Life & Letters

Correspondence

About this Item

Title: Walt Whitman to Richard Maurice Bucke, 2 June 1889

Date: June 2, 1889

Whitman Archive ID: loc.07657

Source: The Charles E. Feinberg Collection of the Papers of Walt Whitman, 1839–1919, Library of Congress, Washington, D.C. . Transcribed from digital images or a microfilm reproduction of the original item. For a description of the editorial rationale behind our treatment of the correspondence, see our statement of editorial policy.

Notes for this letter were derived from Walt Whitman, The Correspondence, ed. Edwin Haviland Miller, 6 vols. (New York: New York University Press, 1961–1977), and supplemented, updated, or created by Whitman Archive staff as appropriate.

Contributors to digital file: Braden Krien, Caterina Bernardini, Breanna Himschoot, Ashlyn Stewart, and Stephanie Blalock



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Camden
Sunday Evn'g June 2
'89 1

All goes well—the feeling pretty good Friday evn'g continues. Suppose you rec'd the pocket-book b'd L of G2—I sent you yesterday three or four papers with lengthy reports of dinner3 &c—Every body says it was a mark'd success—It is well toward sunset & I am going out for an hour in the wheel chair,4 (wh' proves a great comfort)—fine sunny weather—


Walt Whitman


Correspondent:
Richard Maurice Bucke (1837–1902) was a Canadian physician and psychiatrist who grew close to Whitman after reading Leaves of Grass in 1867 (and later memorizing it) and meeting the poet in Camden a decade later. Even before meeting Whitman, Bucke claimed in 1872 that a reading of Leaves of Grass led him to experience "cosmic consciousness" and an overwhelming sense of epiphany. Bucke became the poet's first biographer with Walt Whitman (Philadelphia: David McKay, 1883), and he later served as one of his medical advisors and literary executors. For more on the relationship of Bucke and Whitman, see Howard Nelson, "Bucke, Richard Maurice," Walt Whitman: An Encyclopedia, ed. J.R. LeMaster and Donald D. Kummings (New York: Garland Publishing, 1998).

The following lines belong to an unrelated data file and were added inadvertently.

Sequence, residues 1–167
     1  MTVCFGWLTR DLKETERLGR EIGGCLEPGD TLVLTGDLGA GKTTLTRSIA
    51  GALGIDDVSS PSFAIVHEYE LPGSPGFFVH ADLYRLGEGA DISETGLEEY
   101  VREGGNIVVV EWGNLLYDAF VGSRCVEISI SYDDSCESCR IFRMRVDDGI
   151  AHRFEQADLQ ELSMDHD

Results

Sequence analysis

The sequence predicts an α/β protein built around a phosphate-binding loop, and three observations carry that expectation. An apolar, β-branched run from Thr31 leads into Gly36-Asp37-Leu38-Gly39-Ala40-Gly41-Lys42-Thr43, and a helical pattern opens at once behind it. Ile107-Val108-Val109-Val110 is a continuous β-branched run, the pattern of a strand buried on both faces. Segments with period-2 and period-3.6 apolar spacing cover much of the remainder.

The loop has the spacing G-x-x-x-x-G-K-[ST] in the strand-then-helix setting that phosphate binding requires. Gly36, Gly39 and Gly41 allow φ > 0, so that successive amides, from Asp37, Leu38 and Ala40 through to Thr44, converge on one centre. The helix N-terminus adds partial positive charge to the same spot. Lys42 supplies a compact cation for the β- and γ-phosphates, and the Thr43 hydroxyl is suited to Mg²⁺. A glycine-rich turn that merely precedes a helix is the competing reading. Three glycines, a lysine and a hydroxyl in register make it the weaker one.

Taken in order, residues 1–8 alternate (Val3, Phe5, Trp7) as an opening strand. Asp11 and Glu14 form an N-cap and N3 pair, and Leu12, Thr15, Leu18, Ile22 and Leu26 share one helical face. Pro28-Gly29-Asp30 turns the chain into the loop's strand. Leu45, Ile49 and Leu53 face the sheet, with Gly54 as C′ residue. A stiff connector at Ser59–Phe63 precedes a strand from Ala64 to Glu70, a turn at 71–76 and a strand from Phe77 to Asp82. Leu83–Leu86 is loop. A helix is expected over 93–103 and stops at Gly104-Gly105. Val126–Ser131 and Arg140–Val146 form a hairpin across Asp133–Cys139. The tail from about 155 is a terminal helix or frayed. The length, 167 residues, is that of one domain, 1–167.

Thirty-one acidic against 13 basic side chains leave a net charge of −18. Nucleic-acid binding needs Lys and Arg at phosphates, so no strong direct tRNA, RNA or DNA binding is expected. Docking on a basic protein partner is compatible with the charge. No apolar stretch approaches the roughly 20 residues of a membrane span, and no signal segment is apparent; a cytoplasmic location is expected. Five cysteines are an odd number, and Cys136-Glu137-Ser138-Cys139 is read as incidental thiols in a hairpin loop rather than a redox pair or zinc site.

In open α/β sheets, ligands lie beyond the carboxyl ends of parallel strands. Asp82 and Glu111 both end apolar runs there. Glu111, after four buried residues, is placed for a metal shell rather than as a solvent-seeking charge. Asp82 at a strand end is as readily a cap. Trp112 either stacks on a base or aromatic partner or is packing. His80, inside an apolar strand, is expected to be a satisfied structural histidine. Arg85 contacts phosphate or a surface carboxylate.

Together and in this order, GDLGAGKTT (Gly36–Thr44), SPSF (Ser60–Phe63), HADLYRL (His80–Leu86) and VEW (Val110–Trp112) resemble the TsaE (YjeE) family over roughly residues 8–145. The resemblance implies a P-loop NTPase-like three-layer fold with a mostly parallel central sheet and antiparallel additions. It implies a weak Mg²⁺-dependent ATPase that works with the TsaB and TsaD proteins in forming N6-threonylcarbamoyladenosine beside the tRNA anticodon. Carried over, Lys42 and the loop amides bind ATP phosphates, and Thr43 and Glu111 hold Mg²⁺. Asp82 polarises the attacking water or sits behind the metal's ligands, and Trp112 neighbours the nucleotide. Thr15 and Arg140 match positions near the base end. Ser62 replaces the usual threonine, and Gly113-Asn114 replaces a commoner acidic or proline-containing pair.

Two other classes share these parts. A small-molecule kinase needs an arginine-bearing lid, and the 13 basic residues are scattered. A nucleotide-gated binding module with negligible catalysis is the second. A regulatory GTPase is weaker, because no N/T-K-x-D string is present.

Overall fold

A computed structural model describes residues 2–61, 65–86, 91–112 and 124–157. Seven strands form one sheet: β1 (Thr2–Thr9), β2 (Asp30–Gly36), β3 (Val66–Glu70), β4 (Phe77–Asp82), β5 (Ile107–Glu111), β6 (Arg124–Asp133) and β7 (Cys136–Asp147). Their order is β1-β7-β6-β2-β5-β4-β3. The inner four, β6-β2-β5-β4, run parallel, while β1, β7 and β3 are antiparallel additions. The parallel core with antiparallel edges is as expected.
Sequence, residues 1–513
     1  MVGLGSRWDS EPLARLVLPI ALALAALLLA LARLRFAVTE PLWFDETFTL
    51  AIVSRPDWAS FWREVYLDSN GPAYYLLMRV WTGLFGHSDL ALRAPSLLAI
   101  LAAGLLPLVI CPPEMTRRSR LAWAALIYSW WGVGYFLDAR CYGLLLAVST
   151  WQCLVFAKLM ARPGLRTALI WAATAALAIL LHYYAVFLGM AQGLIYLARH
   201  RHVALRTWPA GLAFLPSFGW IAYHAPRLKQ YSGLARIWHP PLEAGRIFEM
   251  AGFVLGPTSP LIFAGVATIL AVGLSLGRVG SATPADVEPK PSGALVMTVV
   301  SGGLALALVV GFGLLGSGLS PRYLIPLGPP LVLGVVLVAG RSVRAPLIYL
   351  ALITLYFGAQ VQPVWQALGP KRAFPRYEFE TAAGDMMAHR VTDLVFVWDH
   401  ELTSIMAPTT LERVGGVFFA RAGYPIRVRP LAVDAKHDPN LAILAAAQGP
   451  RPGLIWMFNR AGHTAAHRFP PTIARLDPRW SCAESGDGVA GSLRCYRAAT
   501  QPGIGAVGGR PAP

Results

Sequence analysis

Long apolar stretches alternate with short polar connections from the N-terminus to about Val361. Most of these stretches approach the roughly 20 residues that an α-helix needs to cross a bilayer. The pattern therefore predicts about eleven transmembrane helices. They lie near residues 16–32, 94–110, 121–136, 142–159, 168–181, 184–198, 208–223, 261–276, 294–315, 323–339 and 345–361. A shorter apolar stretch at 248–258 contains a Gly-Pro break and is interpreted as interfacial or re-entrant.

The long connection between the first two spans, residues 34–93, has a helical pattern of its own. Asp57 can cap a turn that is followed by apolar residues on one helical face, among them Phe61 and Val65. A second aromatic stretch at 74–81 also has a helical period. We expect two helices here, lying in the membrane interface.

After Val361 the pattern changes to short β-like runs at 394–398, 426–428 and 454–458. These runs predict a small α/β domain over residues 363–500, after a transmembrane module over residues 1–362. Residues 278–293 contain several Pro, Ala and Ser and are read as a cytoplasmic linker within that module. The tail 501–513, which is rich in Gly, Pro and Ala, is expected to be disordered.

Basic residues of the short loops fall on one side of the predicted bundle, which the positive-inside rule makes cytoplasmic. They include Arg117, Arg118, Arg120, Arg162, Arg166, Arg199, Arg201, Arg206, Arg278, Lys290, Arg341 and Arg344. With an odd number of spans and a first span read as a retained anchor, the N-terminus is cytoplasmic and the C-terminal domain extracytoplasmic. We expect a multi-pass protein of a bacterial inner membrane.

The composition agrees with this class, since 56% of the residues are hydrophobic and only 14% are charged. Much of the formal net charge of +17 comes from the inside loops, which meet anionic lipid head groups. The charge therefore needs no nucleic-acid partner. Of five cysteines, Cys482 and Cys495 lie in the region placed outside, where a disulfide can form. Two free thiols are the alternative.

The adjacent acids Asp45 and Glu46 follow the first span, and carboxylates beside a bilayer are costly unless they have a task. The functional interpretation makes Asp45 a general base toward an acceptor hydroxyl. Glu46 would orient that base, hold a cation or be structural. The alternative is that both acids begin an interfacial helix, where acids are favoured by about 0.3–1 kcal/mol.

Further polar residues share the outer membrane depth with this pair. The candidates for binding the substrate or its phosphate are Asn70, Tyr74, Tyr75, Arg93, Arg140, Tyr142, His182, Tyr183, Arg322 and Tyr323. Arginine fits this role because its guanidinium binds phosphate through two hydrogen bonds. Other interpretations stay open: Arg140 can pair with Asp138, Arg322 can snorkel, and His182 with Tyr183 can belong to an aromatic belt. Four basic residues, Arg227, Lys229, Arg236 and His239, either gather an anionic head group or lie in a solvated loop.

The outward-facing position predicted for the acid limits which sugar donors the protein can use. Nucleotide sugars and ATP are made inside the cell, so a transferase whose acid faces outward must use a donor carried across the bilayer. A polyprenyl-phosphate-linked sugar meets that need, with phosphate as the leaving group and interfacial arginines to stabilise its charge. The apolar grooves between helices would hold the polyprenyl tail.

Notes:

1. This is addressed: Dr Bucke Asylum | London | Ontario | Canada. It is postmarked: Camden, N.J. | Jun 2 | 5pm | 89. [back]

2. Whitman had a limited pocket-book edition of Leaves of Grass printed in honor of his 70th birthday, on May 31, 1889, through special arrangement with Frederick Oldach. Only 300 copies were printed, and Whitman signed the title page of each one. The volume also included the annex Sands at Seventy and his essay A Backward Glance O'er Traveled Roads. See Whitman's May 16, 1889, letter to Oldach. For more information on the book see Ed Folsom's Whitman Making Books/Books Making Whitman: A Catalog and Commentary[back]

3. For Whitman's seventieth birthday, Horace Traubel and a large committee planned a local celebration for the poet in Morgan's Hall in Camden, New Jersey. The committee included Henry (Harry) L. Bonsall, Geoffrey Buckwalter, and Thomas B. Harned. See Horace Traubel, With Walt Whitman in Camden, Tuesday, May 7, 1889. The day was celebrated with a testimonial dinner. Numerous authors and friends of the poet prepared and delivered addresses to mark the occasion. Whitman, who did not feel well at the time, arrived after the dinner to listen to the remarks. [back]

4. Horace Traubel and Ed Wilkins, Whitman's nurse, went to Philadelphia to purchase a wheeled chair for the poet that would allow him to be "pull'd or push'd" outdoors. See Whitman's letter to William Sloane Kennedy of May 8, 1889[back]


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